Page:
Look on the Name Plate of the condenser unit to find1 the maximum overcurrent size; and 2 the minimum circuit conductor size. First lets segregate the terms Overcurrent and Overload. Overcurrent can have multiple causes such as Ground Fault, Short Circuit, and Overload. Overload means that the conductors of a circuit are carrying more current than they can safely carry. Customarily an overload is associated with a motor which is itself Overloaded in that it lacks the torque it takes to carry the mechanical load it is intended to turn.
The following is from the US National Electric Code (NEC) Article 100 Definitions. viz.
"Overcurrent. Any current in excess of the rated current of equipment or the ampacity of a conductor. It may result from overload, short circuit, or ground fault.
Informational Note: A current in excess of rating may be accommodated by certain equipment and conductors for a given set of conditions. Therefore, the rules for overcurrent protection are specific for particular situations.
Overload. Operation of equipment in excess of normal, full-load rating, or of a conductor in excess of rated ampacity that, when it persists for a sufficient length of time, would cause damage or dangerous overheating. A fault, such as a short circuit or ground fault, is not an overload."
The circuit Overcurrent Protective Device (OPD) is selected to open the circuit under any overcurrent condition. In the case of most circuit breakers the greater the overcurrent is the faster it will open. In Heating Ventilating and Air Conditioning (HVAC) service OPDs are often selected to provide protection of only fault conditions with a rating that is above the ampacity of the circuits conductors. The reason that is an accepted practice is that the load supplied is fitted with Overload protection. In the case of Overloads it is not critical were in the circuit the overload protection is located since the current is the same at all points in the circuit.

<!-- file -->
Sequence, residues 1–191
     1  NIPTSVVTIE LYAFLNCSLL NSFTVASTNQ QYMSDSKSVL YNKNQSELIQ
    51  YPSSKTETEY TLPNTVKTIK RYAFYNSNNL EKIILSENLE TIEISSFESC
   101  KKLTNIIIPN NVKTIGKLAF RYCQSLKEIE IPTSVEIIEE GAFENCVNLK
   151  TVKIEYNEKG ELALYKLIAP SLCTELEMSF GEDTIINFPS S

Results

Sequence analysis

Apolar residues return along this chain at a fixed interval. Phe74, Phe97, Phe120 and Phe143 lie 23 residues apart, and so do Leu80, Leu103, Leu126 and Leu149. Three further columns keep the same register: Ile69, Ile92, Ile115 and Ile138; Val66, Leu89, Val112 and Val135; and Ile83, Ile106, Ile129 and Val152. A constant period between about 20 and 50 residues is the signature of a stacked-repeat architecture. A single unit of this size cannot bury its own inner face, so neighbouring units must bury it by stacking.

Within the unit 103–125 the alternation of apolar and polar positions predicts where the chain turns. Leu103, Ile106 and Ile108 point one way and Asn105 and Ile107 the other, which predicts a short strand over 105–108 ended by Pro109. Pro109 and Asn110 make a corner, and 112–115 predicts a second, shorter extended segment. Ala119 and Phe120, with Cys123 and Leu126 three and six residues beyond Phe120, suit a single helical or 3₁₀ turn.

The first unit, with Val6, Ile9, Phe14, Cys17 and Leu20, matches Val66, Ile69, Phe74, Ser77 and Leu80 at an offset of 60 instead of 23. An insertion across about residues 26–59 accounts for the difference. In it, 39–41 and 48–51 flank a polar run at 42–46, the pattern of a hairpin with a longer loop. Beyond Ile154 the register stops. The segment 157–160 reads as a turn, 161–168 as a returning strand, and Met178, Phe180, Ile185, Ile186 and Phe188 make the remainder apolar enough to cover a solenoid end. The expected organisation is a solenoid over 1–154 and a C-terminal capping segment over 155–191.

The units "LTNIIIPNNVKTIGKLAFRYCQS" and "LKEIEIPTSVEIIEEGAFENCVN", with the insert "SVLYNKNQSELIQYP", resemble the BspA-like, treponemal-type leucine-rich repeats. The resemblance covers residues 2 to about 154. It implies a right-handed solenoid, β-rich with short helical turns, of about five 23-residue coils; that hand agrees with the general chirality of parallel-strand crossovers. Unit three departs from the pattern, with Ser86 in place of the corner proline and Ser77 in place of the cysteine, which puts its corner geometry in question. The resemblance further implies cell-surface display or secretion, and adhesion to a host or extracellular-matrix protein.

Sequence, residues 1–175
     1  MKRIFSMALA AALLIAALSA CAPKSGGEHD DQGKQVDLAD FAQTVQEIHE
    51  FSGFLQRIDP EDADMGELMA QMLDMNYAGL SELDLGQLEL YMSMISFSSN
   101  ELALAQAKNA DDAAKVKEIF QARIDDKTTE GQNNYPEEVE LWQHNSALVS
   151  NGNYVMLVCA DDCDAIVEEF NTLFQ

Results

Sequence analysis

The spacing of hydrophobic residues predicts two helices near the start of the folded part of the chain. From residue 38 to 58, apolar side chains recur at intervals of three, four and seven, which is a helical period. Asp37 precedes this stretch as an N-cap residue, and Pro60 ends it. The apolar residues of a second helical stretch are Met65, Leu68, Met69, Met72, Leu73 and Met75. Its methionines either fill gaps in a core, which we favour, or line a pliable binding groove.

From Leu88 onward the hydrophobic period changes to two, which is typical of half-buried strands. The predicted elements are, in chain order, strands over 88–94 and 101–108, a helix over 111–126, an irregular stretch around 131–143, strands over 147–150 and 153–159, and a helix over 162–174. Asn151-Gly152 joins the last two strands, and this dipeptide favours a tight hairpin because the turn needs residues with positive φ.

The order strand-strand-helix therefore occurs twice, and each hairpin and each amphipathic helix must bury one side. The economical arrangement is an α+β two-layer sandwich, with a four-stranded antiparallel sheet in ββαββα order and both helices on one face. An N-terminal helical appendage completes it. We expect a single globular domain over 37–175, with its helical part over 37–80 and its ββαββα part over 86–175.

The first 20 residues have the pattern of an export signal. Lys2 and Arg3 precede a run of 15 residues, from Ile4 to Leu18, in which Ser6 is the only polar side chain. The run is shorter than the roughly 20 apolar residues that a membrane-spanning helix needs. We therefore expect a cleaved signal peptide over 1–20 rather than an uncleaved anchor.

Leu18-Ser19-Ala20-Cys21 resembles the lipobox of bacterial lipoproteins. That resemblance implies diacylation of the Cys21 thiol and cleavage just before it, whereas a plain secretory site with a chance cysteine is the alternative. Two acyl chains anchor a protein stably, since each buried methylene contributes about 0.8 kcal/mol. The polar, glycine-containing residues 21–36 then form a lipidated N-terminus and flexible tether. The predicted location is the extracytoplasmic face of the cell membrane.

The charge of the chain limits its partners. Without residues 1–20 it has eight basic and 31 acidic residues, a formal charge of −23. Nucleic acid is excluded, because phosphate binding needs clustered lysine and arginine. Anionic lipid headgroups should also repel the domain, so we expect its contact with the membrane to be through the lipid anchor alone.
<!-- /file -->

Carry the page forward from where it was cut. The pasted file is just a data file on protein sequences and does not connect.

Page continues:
The circuit Overcurrent Protective Device and the minimum conductor size that are on the name plate label are wedded to each other. If you use this minimum conductor size then you may not use an OPD with a set point higher than that setting and that type. If the supply conductors are protected by a properly sized OPD and are larger than the minimum circuit size on the Name Plate it is possible; although admittedly unusual, that there is no Violation of the US National Electric Code in such a case.
The problem in this case is that the circuit conductors are reduced in size in the junction box for the one unit and at the disconnect load connections for the other unit. That could still be compliant because of the 10 foot tap rule.
From the US NEC section as stated.
"240.21 Location in Circuit. Overcurrent protection shall be provided in each ungrounded circuit conductor and shall be located at the point where the conductors receive their supply except as specified in 240.21(A) through (H). Conductors supplied under the provisions of 240.21(A) through (H) shall not supply another conductor except through an overcurrent protective device meeting the requirements of 240.4.
(B) Feeder Taps. Conductors shall be permitted to be tapped, without overcurrent protection at the tap, to a feeder as specified in 240.21(B)(1) through (B)(5). The provisions of 240.4(B) shall not be permitted for tap conductors. (1) Taps Not over 3 m (10 ft) Long. If the length of the tap conductors does not exceed 3 m (10 ft) and the tap conductors comply with all of the following:
(1) The ampacity of the tap conductors is a. Not less than the combined calculated loads on the circuits supplied by the tap conductors, and
b. Not less than the rating of the equipment containing an overcurrent device(s) supplied by the tap conductors or not less than the rating of the overcurrent protective device at the termination of the tap conductors.
Exception to b: Where listed equipment, such as a surge protective device(s) [SPD(s)], is provided with specific instructions on minimum conductor sizing, the ampacity of the tap conductors supplying that equipment shall be permitted to be determined based on the manufacturer’s instructions.
(2) The tap conductors do not extend beyond the switchboard, switchgear, panelboard, disconnecting means, or control devices they supply.
(3) Except at the point of connection to the feeder, the tap conductors are enclosed in a raceway, which extends from the tap to the enclosure of an enclosed switchboard, switchgear, a panelboard, or control devices, or to the back of an open switchboard.
(4) For field installations, if the tap conductors leave the enclosure or vault in which the tap is made, the ampacity of the tap conductors is not less than one-tenth of the rating of the overcurrent device protecting the feeder conductors. From what I can see in the photographs this installation may meet the requirements of this section of the US NEC."
All of that is to reinforce what some of the more experienced home inspectors here keep counseling. Don’t write anything that may be beyond your level of qualification in a report. I’ll leave wording suggestions to the home inspectors here. I’m a retired electrician.